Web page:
by Bruce Burke

I wish I had a dime for every time I have had somebody in my life justify mediocrity by explaining that they were “trying their best.” I might not know what someone’s “best” looks like, but I know what it doesn’t look like.

When my son was a freshman in high school, he came home with a “C” in Geometry. He explained that it didn’t come easy to him (I know where he gets that from!), but that he was “trying his best.”

I inquired if he had asked his teacher for help or if he had checked into getting a tutor after school. Of course, the answer was no. Yet in his mind, he was doing his best. He, like most people, didn’t have any concept of how high the “trying my best” bar could be raised.

Over the years, I have repeatedly had employees do the same thing. Unfortunately, once they have convinced themselves that they are doing their best, most mistakes or lack of progress in their careers become either unavoidable or someone else’s fault.

I have heard it all.

“My alarm didn’t go off.” They almost always say it like it was the alarm’s fault! I then suggest getting an alarm with a back-up battery in case the power goes out or setting multiple alarms just to be safe. “Oh, I didn’t think of that.”

Another example occurred when I had a very frank conversation with a team member concerning some chronic administrative failures. We had already addressed these same issues several times, and when he said “I’m trying my best” I immediately replied “NO YOU’RE NOT!” quite matter-of-factly. I asked if it took any unique skills to accomplish these administrative tasks. The answer was no. I then asked if he would approach these responsibilities differently if it meant being paid or not being paid. Of course, the answer was yes. We then created an action plan of checks and balances to ensure his success and he did wonderful job from then on. In fact, he became one of our most productive team members and added considerable value to our organization.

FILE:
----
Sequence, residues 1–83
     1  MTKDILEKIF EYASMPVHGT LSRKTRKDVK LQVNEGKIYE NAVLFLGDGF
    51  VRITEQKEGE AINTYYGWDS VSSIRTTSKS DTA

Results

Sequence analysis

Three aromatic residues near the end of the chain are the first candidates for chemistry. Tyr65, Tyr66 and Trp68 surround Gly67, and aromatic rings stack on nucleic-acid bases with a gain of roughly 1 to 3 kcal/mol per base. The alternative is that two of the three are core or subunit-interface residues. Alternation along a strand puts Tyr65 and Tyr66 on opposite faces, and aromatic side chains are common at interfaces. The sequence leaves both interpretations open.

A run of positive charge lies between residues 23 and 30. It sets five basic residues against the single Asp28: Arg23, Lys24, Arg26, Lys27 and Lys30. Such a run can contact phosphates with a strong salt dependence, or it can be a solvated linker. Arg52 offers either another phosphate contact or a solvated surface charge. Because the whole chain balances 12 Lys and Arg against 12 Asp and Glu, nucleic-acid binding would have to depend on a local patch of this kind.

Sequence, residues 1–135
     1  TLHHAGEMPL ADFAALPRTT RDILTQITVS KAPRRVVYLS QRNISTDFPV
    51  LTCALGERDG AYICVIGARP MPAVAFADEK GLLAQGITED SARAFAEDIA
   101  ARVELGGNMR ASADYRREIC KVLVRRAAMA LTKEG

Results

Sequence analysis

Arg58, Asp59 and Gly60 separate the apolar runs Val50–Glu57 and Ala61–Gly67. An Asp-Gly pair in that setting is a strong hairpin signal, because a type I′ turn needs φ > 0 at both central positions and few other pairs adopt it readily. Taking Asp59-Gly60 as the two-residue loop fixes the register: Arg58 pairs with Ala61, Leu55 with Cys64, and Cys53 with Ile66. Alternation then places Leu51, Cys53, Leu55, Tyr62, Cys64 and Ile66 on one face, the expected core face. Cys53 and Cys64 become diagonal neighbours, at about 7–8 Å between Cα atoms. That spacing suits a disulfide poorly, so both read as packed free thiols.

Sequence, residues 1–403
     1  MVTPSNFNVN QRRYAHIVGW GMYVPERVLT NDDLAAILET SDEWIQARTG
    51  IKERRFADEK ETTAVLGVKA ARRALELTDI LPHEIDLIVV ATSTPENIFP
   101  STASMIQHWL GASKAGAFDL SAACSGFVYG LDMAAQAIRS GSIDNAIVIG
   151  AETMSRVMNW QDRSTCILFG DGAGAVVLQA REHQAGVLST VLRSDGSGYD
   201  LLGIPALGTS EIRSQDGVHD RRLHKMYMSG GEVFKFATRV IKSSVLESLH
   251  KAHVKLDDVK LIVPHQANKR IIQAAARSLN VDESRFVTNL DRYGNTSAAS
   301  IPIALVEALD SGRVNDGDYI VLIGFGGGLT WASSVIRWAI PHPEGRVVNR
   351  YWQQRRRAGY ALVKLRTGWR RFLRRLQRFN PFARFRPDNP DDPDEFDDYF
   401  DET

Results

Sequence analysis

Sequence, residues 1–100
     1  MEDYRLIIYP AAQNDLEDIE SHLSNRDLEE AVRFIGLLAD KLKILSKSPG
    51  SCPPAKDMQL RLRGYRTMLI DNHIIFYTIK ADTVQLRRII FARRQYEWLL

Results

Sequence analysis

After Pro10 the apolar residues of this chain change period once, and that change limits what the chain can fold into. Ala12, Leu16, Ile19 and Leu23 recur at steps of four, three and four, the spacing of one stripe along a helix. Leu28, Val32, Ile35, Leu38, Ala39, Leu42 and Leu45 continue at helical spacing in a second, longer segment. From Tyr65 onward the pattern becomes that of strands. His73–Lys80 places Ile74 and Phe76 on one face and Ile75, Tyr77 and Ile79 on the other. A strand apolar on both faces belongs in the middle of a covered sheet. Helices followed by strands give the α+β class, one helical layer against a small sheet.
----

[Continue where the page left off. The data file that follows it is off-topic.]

Asking for help is the one tool that has helped me in my personal effort to be the best and create my own success. Had my son or co-worker asked for help, they would have discovered different, more effective ways to achieve their objectives, and become more successful.

Raise your personal “trying my best” bar by being proactive. Create an action plan and make a committed effort to follow through with that plan. Ask someone you trust and respect to confirm you are on the right track; listen to their suggestions. Oftentimes they will identify something that simply never hit your radar.

Do this and you will be pleasantly surprised at how good your “best” can be.

Bruce Burke is the founder of One on One, Fitness Consultants Inc., in State College, PA
This article appeared in the “Good for Business” Blog on the Centre Daily Times website on July 12, 2007.